National Endowment for the Arts: 2 reports, one was “Reading at Risk”
other was a general survey of the arts in the US (“Public Participation in the Arts”)
I don’t think the writers of each report read what the others
they found there has been now change since 1982 in the vigor of intellectual life in the United States
creative writing has stayed the same

this is stunning intellectual activity, this is startling, and the Intern

we know that writing makes a profound contribution to intellectual development (writing literally makes you smarter)
I can’t think of another place that
4% of entire population of the US have written something on the Internet
12% have commented
this is STUNNING intellectual development

I could speculate on the political motivations of some of those writing these reports

Real problem: there is no mention of the real problem
there is a real one
problem: So few kids have access to books!
For the children we deal with, so few have access to books at home, in their community, live in areas with little access
Given access to books: people read– that is what this research says to me

National reading campaigns like Michael Jordan reading, saying “read”
kind of like telling starving people: you should eat more! Eating is good for you!
We have a misperception and theory that children are lazy and evil
this turns out to NOT be true
there is no literacy crisis, except that poor children have little access to books

only constraint on questions: the first one has to be friendly

Internet usage with elementary students
“I have given you all the data I know about, I am a prisoner of the research”
my gut: if it allows students to pursue their interests, the potential is there as long as the content is captivating, motivating, and doesn’t have an overt pedagogic purpose (that seems to guarantee it won’t work)

The number of cases where kids are sent to special education, a large percentage are kids of poverty
a lot of that “being behind” results from those kids not having access to print
first step for helping these kids is NOT to stop their access to content and materials that other students have
direct instruction and drill is often what we resort to with “special education” kids
often the developmental path is the same but just slower

So many of our problems in education are due to arbitrary time restrictions

grade level standards are arbitrary (this does not come from the OT, NT, Koran or NFL handbook)
these were made up basically by the Prussians in the 1820s
the irony is: the harder we work to ensure that kids are on time and don’t fall behind, the

If you have one eye on your goal, you will only have one eye for your work

Only way to become literate is to become engaged and absorbed in very interesting books
refer to “Flow”
you can’t speed that up
if you speed up, you will lose the meaning
leisure reading is the only way
To be absorbed in interesting problems: that is the ONLY way to become smarter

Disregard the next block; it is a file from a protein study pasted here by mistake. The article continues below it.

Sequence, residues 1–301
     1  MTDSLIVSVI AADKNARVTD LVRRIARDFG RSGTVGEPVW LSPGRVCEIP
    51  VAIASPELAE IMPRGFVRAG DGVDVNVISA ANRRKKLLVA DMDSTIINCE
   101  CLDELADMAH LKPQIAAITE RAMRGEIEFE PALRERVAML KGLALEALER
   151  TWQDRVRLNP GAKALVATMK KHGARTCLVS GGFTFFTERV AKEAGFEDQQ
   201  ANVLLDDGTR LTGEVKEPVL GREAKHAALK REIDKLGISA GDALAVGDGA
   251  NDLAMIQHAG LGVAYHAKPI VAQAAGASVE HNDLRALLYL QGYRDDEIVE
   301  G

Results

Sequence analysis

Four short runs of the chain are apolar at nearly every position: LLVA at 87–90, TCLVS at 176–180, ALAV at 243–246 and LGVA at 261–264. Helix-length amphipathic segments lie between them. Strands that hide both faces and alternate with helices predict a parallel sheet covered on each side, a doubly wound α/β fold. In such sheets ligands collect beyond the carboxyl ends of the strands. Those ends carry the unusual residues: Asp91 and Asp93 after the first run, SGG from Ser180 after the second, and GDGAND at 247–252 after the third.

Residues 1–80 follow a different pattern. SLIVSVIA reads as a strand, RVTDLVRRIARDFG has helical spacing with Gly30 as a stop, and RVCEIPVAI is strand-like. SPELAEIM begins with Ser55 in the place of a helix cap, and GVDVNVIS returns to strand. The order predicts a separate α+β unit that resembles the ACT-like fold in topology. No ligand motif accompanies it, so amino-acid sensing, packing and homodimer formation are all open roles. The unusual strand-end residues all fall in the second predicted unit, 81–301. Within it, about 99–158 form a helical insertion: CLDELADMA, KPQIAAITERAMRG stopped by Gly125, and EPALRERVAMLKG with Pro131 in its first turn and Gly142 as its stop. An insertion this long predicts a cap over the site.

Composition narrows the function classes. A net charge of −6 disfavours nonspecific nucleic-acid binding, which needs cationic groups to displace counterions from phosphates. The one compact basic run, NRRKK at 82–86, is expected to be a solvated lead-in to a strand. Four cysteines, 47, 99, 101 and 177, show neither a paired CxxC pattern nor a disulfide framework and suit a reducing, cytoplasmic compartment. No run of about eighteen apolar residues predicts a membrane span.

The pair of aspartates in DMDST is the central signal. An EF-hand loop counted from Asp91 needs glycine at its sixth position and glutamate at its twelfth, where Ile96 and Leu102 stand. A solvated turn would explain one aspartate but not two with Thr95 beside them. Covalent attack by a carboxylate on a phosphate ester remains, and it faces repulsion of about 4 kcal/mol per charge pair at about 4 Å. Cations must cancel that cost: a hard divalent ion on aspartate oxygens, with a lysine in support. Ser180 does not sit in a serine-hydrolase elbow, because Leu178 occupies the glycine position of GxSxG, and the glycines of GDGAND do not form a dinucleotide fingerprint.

Smart scientists get very involved in problem solving, they know how to relax, they also know that incubation is a critical element

We do the EXACT OPPOSITE in our schools often
the often in many cases: make sure there is a relaxed, print-rich environment where kids can get lost in books and excited about ideas


Teachers seem to favor the audio-lingual method because we are all products of it

question: does formal instruction ever work and help?
in case of Spanish: some background with the language
in terms of acquisition: there is massive documentation that when grammar study and real communication is compared, audio-lingual loses every time

If we look at people who have done well with language
they have had comprehensible input versus grammar
CI grammar
+ + OK
+ – OK
– + BAD

case of Schlieman
his auto-biography
went to 2 church sermons in English per week
he read and memorized verbatim Ivanhoe and “The Thinker of Wakefield”
he said if he read something 3 times he had it
so you see in this story he wasn’t just doing grammar study: there was comprehensible input

My prediction is that if you find someone who says they did it through grammar, they

Does grammar study have some value: a little bit
is helpful in limited contexts for editing
but pushed too hard it can ruin everything

If you enjoyed this post and found it useful, subscribe to Wes' free newsletter. Check out Wes' video tutorial library, "Playing with Media." Information about more ways to learn with Dr. Wesley Fryer are available on wesfryer.com/after.

On this day..

Share →

2 Responses to More from Stephen Krashen on America’s fabricated literacy crisis

  1. Doug Noon says:

    This is great stuff. Stephen Krashen is a person to listen to carefully and, as you indicate here, he has a lot to say. Thanks for posting this.

  2. Marco Polo says:

    That’s probably The VICAR of Wakefield. And I’ve heard/read that Lenin learned English in jail by using multi-lingual versions of the New Testament. Don’t know if it’s true, tho. Thanks for posting this. Fascinating stuff.

Creative Commons License
This work is licensed under a Creative Commons Attribution 3.0 Unported License.

Sharing from Matthews, North Carolina! Connect with Wes on Mastodon.